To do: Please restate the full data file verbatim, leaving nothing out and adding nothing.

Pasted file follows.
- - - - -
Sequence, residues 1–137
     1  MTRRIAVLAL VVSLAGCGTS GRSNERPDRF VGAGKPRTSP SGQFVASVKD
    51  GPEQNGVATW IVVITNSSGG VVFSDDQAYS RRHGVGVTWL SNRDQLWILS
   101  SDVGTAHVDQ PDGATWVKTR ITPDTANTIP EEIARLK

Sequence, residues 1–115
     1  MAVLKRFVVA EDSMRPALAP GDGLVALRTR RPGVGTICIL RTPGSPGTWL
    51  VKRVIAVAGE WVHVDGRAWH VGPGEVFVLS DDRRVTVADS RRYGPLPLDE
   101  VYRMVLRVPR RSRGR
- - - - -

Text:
Sequence, residues 1–137
     1  MTRRIAVLAL VVSLAGCGTS GRSNERPDRF VGAGKPRTSP SGQFVASVKD
    51  GPEQNGVATW IVVITNSSGG VVFSDDQAYS RRHGVGVTWL SNRDQLWILS
   101  SDVGTAHVDQ PDGATWVKTR ITPDTANTIP EEIARLK

Sequence, residues 1–115
     1  MAVLKRFVVA EDSMRPALAP GDGLVALRTR RPGVGTICIL RTPGSPGTWL
    51  VKRVIAVAGE WVHVDGRAWH VGPGEVFVLS DDRRVTVADS RRYGPLPLDE
   101  VYRMVLRVPR RSRGR